This week’s assignment was to make a cardboard press-fit construction kit using computer-controlled cutting. I’ve designed a kit made up of similar blocks which can snap into one another in different configurations to make a bigger structure.
The design is not entirely original. It was inspired from a sample design presented in lecture. I took the idea of a single repeated block that can interlock with itself at right angles and designed the connection joint to be a buckle. The design was modeled in KeyCreator, and the blocks cut out with a laser cutter.
My original design had blocks one square inch big (1" by 1") with tiny little protruding buckles a little under 3/16" long (the thickness of the corrugated cardboard) and 1/16" wide. I laser cut samples of this design and found that while the blocks are cute and little, the slenderness of the buckles made them very weak. So I decided to scale up the blocks in rhino at the laser cutter and re-cut them.
It turns out that certain dimensions (specifically the length of the buckle) are static values - Duh! The buckle length is dictated by the thickness of the cardboard onto which it buckles, so scaling the entire block rendered the buckles completely useless. So, after my failed attempt at scaling, I had blocks that weren't good for anything. Well, except for show and tell.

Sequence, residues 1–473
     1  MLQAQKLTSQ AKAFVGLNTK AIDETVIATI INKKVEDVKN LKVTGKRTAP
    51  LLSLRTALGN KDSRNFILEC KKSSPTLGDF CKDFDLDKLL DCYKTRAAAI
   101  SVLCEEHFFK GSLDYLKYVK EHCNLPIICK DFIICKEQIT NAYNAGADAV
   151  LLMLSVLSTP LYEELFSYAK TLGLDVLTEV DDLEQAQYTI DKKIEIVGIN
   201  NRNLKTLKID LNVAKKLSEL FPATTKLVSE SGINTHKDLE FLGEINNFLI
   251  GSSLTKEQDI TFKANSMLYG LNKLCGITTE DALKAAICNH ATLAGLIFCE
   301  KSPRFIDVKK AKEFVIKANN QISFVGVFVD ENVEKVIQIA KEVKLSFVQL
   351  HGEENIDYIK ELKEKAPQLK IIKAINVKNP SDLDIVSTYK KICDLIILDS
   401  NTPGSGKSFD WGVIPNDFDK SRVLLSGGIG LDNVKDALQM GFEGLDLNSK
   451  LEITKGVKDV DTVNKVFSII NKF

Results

Actually, I don't take credit for the scaling idea. Here's Robert, scaling my block before laser-cutting. And there's Ye documenting her project.
Anyway, I re-did the design in CAD and was able to scale up the size of the blocks and width of the buckles while keeping the buckle length constant. I also made a few other changes, including buckle-hole size (necessary if buckle width is changing) and number of buckle holes on each block. This is the final design with dimensions in inches.These strange-looking digits weren't chosen arbitrarily - I used sisteenths and thirty-secondths of inches. These here are my carefully-selected numbers rounded to decimals. Sigh.
I am quite pleased with the results. However, these construction blocks would have worked better in a more resilient material such as acrylic or plastic. Resilience is the ability of a material to absorb energy when it is deformed by a load and release the energy when when the load is removed. Corrugated cardboard, with its low resilience in the parallel plane (does this make sense?), doesn’t like being snapped or flexed. So it doesn't work very well as a material for buckles, which have to be able to bend on insertion and unbend to fasten when fully inserted. For this kit, the buckes fail after one or two times of insersion. Consequently, the construction kit can only be used once or twice before latches fold in and the joints become too weak to hold. Alternatively, I could have used a different joint design, such as the one shown here.
Here is an example of a structure made with these blocks. We'll call him the Watertown Tower (I live in Watertown and this structure reminds me of the Eiffel Tower). Imagine how cool this would be in acrylic or plastic! I would totally have played with this toy as a child!